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Reconciliation

The restoration of the Salt Warehouse for the Zvenigorod Museum, on the one hand, was quite accurately implemented according to the design of the People’s Architect, and, on the other hand, it was not without some extra research and adjustments, which, in this case, was quite beneficial for the project. The architects discovered the original paint color, details of the facades, and studied the history of rebuilds of this building. As a result, the imposing character of the empire building, the oldest one in the city, and the differences of later additions were accurately revealed. Most importantly, however, the city got a new cultural and public space, which is already “working” in full swing.

Julia Tarabarina

Written by:
Julia Tarabarina
Translated by:
Anton Mizonov

16 October 2023
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The restoration of the Zvenigorod Manege, done by the project of People’s Architect, began in 2018; then in 2022, the Zvenigorod State Historical and Architectural Museum moved in; the Manege building had been granted to the museum still back in 2007, shortly after it moved out of some of the buildings of the Savvino-Storozhevsky Monastery.

We already covered the restoration project of the Manege: for the architects, it became a large and complex work, a big part of which was researching the building and its history.

Restoration of Zvenigorod Manege
Copyright: Photograph © Arseny Rassokhin / People′s Architect


Restoration of Zvenigorod Manege
Copyright: Photograph © Arseny Rassokhin / People′s Architect


The Manege project was a landmark one for us in many ways. We had an experience of “immersing” ourselves in the museum sphere and the tasks of museum workers, and we had done a lot of work for museums before: navigation, graphic solutions, exposition design. Here, however, we had to tackle the whole building, and on top of that, restoration. It’s always a lot of layers and surprises at every step. When the plaster was removed, the brick wall underneath turned out to be a perfect patchwork quilt; there were more alterations in the process of the building’s functioning than we expected, and each one, as if on purpose, in a new place. We managed to find the color of the original paint job, the two-step framing of the Empire windows, as well as the authentic grilles.

I think we managed to “uncover” the Manege, to show the city its peculiarities. Before the restoration it looked like a provincial “house of culture” (a Soviet term for a community center): now the historical value of this building and the fact that it belongs to a period quite early for the urban environment of Zvenigorod is felt much more acutely. And this, of course, is not solely our merit: the museum staff, including the deputy director of the museum for science, Dmitry Sedov, took an active part in the work. He was the first to start studying the history of the Zvenigorod Manege, published a study of its history based on archival materials, and stayed with us throughout the course of our work.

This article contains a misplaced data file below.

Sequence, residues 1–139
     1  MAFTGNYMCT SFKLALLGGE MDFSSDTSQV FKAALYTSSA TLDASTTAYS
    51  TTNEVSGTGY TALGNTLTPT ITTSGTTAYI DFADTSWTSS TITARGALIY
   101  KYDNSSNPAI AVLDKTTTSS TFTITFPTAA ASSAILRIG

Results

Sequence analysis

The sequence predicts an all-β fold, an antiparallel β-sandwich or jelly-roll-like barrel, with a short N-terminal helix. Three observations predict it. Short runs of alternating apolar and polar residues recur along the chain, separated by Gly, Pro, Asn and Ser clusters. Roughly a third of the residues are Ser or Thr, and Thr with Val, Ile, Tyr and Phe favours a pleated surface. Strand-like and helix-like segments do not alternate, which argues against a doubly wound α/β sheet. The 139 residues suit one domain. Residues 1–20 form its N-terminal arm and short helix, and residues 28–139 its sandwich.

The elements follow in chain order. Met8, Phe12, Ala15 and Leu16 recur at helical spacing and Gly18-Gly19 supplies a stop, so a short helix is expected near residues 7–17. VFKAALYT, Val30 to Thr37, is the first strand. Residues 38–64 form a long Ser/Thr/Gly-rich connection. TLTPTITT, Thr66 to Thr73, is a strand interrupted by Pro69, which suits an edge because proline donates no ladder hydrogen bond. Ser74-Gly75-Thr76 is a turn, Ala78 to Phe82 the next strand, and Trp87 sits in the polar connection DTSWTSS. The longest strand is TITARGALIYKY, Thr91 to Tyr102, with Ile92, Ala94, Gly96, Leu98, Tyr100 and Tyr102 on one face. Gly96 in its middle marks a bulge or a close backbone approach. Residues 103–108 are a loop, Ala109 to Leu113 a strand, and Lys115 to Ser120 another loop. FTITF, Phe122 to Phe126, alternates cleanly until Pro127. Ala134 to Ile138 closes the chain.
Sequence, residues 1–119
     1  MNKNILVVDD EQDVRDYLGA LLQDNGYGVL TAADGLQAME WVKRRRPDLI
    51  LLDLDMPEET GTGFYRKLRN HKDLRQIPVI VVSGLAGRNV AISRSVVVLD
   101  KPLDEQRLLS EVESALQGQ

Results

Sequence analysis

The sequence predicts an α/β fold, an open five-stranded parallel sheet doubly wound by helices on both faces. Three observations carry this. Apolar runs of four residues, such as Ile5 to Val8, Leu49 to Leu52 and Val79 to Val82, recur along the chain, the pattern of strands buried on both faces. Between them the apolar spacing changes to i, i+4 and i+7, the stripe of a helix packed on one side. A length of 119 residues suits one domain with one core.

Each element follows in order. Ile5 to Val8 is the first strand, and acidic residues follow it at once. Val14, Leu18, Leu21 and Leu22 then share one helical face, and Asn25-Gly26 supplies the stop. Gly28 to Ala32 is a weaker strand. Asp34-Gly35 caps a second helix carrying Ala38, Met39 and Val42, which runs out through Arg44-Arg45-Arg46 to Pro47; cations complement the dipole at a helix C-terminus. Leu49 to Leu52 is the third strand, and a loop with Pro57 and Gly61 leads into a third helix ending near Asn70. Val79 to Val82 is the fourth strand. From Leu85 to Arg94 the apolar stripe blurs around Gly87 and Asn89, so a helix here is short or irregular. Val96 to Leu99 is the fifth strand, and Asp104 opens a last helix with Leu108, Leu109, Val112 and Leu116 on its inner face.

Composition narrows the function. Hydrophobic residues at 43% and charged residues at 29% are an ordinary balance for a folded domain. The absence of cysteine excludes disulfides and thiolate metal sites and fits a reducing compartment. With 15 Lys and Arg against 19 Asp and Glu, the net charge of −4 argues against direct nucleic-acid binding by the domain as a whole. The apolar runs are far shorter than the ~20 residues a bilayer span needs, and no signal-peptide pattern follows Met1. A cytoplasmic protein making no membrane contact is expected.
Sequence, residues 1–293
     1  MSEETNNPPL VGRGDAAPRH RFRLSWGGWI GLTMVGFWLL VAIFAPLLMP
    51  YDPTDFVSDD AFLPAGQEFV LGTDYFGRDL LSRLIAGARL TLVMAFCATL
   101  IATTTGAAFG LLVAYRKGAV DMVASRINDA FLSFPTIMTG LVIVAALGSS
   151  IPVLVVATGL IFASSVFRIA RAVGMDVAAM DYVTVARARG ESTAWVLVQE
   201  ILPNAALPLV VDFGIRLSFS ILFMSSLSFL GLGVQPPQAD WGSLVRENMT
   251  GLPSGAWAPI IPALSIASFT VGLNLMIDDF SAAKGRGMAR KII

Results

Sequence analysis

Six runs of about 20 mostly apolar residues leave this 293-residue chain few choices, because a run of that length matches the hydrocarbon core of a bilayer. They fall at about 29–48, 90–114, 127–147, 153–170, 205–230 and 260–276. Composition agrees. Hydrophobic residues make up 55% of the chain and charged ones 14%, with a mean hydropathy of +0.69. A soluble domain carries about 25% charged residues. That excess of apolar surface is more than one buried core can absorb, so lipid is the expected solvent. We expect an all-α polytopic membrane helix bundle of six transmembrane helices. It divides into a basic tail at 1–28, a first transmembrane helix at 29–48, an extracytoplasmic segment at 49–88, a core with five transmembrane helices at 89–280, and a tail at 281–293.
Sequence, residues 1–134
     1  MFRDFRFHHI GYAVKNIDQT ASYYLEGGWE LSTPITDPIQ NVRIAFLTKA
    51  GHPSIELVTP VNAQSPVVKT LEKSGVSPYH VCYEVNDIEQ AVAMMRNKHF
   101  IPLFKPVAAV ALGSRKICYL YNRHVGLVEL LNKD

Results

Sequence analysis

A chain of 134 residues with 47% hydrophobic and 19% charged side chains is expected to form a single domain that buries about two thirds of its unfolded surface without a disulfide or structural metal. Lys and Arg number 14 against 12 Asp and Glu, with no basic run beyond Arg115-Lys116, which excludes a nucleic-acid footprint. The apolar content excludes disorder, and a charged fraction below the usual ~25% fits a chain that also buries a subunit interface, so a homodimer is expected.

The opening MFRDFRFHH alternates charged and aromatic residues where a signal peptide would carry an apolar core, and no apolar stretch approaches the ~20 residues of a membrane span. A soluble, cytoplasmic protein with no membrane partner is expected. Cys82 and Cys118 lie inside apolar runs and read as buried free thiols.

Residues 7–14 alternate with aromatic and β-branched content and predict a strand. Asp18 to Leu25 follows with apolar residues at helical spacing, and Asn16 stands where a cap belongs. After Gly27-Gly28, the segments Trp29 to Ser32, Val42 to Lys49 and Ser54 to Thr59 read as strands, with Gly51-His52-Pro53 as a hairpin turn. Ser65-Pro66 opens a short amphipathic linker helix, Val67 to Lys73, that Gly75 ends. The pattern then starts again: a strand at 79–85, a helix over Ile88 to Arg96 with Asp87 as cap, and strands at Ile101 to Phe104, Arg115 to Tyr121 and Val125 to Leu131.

On the other hand, the urban center of Zvenigorod itself has changed over the recent time: a park has appeared nearby, and the Moskovskaya Street has been improved – since the museum approaches the Manege largely as a public space and emphasizes events, lectures, master classes, etc., the renovated building has organically integrated into these transformations. The museum has become part of the public life of the city, and we consider this to be very important as well.


It always feels good to see a derelict territory being revitalized and included in the city fabric, and this was exactly the case with the Manege: today, working in combination with the Alexander Nevsky Church, it confidently “holds” the beginning of Moskovskaya Street, demonstrating a clearly “Venetian”, almost blind, empire sidewall. What can be there behind such a wall? Nothing but a museum!

Restoration of Zvenigorod Manege
Copyright: Photograph © Arseny Rassokhin / People′s Architect


The pseudo-respectable surroundings – markers, office buildings, and “high-end” residential complexes – do not look half as impressive by contrast. All these buildings are mostly yellow, or sometimes white, like the church. In Zvenigorod, even the Soviet “crate” of the Zvenigorod Hotel and a 1970’s five-story building were also painted yellow.

Thus, it comes as no surprise that at first the architects suggested cleaning the facades down to the brick to show the antiquity of the walls: the Manege is not Gorodok or Savvinsky Monastery, but it is the oldest stone building in Zvenigorod itself.

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    The project of restoring the Zvenigorod Manège. View from the Moskovskaya Street (current situation) © People's Architect
    Copyright © People′s Architect
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    The project of restoring the Zvenigorod Manège. View from the Moskovskaya Street (project proposal) © People's Architect
    Copyright © People′s Architect

 
Having cleared the walls, the architects found a shade of the original coloring. Fortunately, it turned out to be not bright, like yolk, and not the gloomy “Dostoevsky” yellow, but pretty light, something between empire yellow and beige. This was a serious argument in favor of painting the old walls in the original color.